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BioMed Research International
Volume 2017 (2017), Article ID 1846830, 6 pages
Clinical Study

Intracranial Hematoma Detection by Near Infrared Spectroscopy in a Helicopter Emergency Medical Service: Practical Experience

1Department of Anesthesiology, VU University Medical Center, De Boelelaan 1117, 1007 MB Amsterdam, Netherlands
2Trauma Center and Helicopter Emergency Medical Service (HEMS) Lifeliner 1, VU University Medical Center, De Boelelaan 1117, 1007 MB Amsterdam, Netherlands

Correspondence should be addressed to Lothar A. Schwarte

Received 30 March 2017; Revised 11 May 2017; Accepted 31 May 2017; Published 22 June 2017

Academic Editor: Detlef Obal

Copyright © 2017 Patrick Schober et al. This is an open access article distributed under the Creative Commons Attribution License, which permits unrestricted use, distribution, and reproduction in any medium, provided the original work is properly cited.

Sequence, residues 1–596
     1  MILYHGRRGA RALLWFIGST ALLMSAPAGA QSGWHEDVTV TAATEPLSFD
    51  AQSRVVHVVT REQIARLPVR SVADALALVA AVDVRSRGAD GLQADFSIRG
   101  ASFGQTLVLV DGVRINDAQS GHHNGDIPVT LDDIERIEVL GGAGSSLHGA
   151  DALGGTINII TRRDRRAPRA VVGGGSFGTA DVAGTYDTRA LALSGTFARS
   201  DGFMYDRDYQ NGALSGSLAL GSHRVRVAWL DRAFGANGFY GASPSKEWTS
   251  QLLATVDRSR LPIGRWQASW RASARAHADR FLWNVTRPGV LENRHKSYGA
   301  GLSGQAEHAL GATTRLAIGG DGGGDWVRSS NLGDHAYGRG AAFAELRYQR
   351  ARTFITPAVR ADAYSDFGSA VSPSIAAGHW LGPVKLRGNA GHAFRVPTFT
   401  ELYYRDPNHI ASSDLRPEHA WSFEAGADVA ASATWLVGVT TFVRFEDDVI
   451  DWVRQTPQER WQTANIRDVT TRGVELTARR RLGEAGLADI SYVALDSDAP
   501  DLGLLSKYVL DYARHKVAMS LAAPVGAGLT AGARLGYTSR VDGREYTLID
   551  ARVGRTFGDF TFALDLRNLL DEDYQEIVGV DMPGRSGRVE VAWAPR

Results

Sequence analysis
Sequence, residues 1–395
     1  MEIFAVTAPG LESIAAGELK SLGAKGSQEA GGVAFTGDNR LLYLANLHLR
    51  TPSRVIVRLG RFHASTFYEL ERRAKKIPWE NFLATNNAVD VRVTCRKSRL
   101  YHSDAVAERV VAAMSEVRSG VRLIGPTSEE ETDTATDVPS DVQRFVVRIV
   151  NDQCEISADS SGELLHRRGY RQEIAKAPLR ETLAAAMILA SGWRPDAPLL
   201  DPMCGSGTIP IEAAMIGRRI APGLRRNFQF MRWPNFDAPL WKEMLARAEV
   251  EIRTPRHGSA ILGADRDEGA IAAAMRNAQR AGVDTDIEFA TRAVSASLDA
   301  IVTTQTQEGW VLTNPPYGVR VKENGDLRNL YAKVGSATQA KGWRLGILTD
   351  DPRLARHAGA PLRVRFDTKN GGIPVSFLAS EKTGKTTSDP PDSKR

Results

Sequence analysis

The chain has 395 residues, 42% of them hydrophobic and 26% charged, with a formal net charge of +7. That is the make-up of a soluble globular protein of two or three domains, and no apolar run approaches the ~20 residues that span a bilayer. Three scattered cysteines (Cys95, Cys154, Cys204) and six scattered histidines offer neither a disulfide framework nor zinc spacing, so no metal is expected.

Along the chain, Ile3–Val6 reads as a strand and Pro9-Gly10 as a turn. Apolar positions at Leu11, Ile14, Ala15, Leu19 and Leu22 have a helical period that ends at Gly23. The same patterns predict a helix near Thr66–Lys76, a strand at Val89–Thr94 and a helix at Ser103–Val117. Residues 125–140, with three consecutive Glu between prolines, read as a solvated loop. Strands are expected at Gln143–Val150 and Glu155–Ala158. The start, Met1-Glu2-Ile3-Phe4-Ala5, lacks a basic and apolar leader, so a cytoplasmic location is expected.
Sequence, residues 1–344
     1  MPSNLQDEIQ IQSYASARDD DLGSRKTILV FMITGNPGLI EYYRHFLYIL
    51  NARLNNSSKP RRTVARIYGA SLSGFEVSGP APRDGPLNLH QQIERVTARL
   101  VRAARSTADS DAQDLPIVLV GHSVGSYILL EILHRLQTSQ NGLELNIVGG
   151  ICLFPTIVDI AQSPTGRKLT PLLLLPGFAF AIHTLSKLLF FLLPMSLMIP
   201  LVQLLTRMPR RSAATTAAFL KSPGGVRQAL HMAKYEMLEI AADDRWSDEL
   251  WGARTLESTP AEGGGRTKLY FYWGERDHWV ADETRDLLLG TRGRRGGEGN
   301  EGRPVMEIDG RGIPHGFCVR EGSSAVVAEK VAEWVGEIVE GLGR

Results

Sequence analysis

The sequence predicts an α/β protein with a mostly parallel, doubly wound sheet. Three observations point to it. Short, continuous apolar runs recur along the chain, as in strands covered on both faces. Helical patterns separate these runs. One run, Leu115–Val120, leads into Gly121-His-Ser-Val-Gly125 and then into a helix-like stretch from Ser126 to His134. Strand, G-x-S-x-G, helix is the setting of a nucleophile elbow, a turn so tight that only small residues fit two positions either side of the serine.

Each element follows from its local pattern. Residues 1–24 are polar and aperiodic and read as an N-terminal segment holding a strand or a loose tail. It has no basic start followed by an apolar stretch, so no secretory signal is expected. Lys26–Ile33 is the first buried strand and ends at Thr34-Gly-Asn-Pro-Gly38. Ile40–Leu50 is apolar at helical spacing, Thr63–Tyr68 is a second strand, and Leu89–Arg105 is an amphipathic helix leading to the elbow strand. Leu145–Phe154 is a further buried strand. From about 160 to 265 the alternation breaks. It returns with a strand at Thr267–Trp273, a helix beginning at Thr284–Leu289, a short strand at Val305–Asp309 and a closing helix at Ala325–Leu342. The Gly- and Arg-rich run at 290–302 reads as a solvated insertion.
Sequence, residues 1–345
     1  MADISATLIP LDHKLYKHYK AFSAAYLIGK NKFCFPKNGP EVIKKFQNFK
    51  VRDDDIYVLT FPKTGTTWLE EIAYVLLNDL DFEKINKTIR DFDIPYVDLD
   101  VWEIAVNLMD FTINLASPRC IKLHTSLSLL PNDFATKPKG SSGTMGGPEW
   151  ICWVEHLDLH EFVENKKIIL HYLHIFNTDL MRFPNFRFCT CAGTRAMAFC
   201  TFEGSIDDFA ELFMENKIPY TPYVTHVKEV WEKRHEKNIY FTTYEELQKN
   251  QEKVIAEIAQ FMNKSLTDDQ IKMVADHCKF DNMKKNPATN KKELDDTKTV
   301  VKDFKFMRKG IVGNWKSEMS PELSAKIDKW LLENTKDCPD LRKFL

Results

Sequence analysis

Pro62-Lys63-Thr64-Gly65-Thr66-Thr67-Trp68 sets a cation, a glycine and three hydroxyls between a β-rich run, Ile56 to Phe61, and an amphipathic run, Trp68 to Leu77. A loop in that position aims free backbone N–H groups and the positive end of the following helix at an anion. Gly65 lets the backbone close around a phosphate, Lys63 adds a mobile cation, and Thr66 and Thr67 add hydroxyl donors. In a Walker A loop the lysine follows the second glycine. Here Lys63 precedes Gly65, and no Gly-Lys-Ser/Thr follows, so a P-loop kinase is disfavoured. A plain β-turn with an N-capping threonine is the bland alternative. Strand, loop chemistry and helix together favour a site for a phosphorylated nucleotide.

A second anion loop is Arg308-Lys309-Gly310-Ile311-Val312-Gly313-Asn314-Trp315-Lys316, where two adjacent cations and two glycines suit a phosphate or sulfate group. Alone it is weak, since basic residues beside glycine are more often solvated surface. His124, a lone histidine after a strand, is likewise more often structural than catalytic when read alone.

In (helicopter) emergency medical services, (H)EMS, the prehospital detection of intracranial hematomas should improve patient care and the triage to specialized neurosurgical hospitals. Recently, noninvasive detection of intracranial hematomas became possible by applying transcranial near infrared spectroscopy (NIRS). Herein, second-generation devices are currently available, for example, the Infrascanner 2000 (Infrascan), that appear suited also for prehospital (H)EMS applications. Since (H)EMS operations are time-critical, we studied the Infrascanner 2000 as a “first-time-right” monitor in healthy volunteers (, hospital employees, no neurologic history). Further, we studied the implementation of the Infrascanner 2000 in a European HEMS organization (Lifeliner 1, Amsterdam, The Netherlands). The principal results of our study were as follows: The screening for intracranial hematomas in healthy volunteers with first-time-right intention resulted in a marked rate of virtual hematomas (false positive results, i.e., 12/17), rendering more time consuming repeat measurements advisable. The results of the implementation of the Infrascanner in HEMS suggest that NIRS-based intracranial hematoma detection is feasible in the HEMS setting. However, some drawbacks exist and their possible solutions are discussed. Future studies will have to demonstrate how NIRS-based intracranial hematoma detection will improve prehospital decision making in (H)EMS and ultimately patient outcome.